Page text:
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Friday, June 06, 2008

Recycling boom endangers Cambodia’s dirt-poor children


In Phnom Penh, where an economic boom has also fueled the trash trade, some 70 percent of scavengers are reported to be children

By Lucie Lautredou

Doctor Tuy Puthea was finishing his rounds one day in late March, inspecting a wound on the neck of a young boy, one of a dozen children loitering in an alley behind Phnom Penh’s Olympic Stadium.

His 10-year-old patient, wearing only ragged shorts and a T-shirt, was just one among thousands of youngsters scraping out an existence scavenging waste on the streets of the Cambodian capital.

Cambodia’s growing demand for recyclables — from bottles and cans to cardboard — has seen a sharp rise in the number of child scavengers trawling through the capital’s waste heaps, many of them press-ganged into what advocates say is one of the world’s most hazardous forms of labor.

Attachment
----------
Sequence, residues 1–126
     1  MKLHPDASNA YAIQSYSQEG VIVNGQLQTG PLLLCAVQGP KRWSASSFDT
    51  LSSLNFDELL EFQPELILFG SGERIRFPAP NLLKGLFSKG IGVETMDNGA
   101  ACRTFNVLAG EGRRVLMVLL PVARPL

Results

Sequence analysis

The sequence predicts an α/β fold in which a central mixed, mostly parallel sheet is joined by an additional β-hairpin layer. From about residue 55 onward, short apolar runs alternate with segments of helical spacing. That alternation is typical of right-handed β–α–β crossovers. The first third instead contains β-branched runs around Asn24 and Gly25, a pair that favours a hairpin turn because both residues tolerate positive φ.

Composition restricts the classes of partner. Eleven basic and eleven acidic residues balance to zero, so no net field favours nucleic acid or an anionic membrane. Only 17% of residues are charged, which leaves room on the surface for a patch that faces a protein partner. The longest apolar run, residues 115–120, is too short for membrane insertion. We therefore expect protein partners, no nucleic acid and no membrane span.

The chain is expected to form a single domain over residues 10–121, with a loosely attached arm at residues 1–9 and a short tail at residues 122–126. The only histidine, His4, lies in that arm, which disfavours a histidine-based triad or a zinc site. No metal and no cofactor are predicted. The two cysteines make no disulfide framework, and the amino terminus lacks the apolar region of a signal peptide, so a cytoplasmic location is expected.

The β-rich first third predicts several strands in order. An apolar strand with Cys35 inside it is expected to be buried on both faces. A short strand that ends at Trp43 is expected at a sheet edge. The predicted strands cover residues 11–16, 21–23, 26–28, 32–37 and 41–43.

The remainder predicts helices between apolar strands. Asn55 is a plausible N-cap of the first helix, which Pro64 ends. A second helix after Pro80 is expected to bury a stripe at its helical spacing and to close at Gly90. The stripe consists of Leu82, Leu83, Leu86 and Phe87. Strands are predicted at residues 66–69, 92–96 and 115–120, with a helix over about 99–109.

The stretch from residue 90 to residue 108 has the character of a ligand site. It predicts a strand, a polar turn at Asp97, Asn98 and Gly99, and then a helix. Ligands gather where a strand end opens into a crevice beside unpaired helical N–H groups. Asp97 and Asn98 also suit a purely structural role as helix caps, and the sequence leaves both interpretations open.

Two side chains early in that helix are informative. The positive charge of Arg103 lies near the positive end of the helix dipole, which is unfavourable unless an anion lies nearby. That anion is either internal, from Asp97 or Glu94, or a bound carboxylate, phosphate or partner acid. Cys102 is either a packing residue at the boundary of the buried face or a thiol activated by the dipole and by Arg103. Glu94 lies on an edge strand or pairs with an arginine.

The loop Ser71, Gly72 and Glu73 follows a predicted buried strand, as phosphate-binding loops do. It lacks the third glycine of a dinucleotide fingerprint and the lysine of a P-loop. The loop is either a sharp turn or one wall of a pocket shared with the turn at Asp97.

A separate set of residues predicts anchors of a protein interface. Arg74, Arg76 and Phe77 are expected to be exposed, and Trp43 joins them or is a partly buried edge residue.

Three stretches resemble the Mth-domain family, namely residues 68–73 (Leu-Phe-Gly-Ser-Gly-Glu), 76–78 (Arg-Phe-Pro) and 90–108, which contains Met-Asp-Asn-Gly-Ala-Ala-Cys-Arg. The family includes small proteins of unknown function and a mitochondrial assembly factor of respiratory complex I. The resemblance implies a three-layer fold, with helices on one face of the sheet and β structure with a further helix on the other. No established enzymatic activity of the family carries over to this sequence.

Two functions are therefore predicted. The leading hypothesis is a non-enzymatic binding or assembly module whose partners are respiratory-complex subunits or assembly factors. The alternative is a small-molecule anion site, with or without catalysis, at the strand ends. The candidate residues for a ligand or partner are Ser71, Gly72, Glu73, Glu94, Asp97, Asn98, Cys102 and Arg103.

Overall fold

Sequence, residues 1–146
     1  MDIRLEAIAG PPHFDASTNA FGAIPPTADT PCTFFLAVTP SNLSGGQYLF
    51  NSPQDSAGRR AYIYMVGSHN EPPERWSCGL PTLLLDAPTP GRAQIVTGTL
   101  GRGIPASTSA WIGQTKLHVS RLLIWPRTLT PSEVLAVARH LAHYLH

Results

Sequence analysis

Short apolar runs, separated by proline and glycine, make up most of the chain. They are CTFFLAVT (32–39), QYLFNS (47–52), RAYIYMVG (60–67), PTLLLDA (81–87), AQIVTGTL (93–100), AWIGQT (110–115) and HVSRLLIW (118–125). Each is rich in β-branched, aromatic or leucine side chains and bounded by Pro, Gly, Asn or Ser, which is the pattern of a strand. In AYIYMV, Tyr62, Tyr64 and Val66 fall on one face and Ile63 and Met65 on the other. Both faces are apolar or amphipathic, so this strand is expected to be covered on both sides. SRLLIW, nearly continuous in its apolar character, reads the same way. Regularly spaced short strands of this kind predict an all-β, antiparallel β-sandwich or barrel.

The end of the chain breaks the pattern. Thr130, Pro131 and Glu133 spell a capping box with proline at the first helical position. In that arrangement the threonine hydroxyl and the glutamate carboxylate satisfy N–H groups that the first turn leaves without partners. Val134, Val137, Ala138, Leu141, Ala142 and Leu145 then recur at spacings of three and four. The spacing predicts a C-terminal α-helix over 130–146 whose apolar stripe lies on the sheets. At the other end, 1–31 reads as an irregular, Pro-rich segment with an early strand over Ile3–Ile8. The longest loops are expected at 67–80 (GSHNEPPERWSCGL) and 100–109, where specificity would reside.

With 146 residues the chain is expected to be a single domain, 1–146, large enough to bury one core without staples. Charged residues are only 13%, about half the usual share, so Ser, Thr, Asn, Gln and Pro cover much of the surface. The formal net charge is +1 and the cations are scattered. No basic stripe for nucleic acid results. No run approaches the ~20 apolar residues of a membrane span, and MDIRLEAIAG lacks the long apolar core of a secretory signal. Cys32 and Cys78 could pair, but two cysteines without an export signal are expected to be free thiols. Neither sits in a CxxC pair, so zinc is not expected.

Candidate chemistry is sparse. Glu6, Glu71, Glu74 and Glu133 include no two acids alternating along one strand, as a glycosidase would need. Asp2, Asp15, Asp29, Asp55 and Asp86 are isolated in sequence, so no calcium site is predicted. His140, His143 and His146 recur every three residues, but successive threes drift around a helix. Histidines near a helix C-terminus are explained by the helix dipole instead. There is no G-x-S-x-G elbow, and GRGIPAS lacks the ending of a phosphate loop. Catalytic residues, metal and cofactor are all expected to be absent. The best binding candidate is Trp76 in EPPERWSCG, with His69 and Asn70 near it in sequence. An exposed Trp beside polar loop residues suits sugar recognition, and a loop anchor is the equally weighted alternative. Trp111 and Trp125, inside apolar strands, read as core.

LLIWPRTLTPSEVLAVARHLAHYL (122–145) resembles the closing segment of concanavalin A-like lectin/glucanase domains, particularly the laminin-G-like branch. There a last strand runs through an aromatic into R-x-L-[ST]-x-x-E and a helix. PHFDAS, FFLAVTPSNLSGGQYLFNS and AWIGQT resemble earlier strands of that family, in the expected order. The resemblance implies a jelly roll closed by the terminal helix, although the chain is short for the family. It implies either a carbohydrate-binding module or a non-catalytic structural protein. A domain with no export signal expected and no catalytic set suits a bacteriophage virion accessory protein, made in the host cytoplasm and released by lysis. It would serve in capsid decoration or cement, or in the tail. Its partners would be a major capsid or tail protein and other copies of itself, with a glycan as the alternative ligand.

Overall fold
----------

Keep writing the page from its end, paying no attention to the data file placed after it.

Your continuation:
In 2006, around 4,000 children were working on Phnom Penh’s streets, according to Chan Haranvadey, an official with the Social Affairs Ministry.

That number is estimated to have spiraled to between 10,000 and 20,000, though the number dips during the planting season in May and this month, when many children return to family farms, non-governmental organizations say.

“These child scavengers are the most vulnerable,” said Tuy Puthea, who works with the NGO Mith Samlanh, which helps homeless children.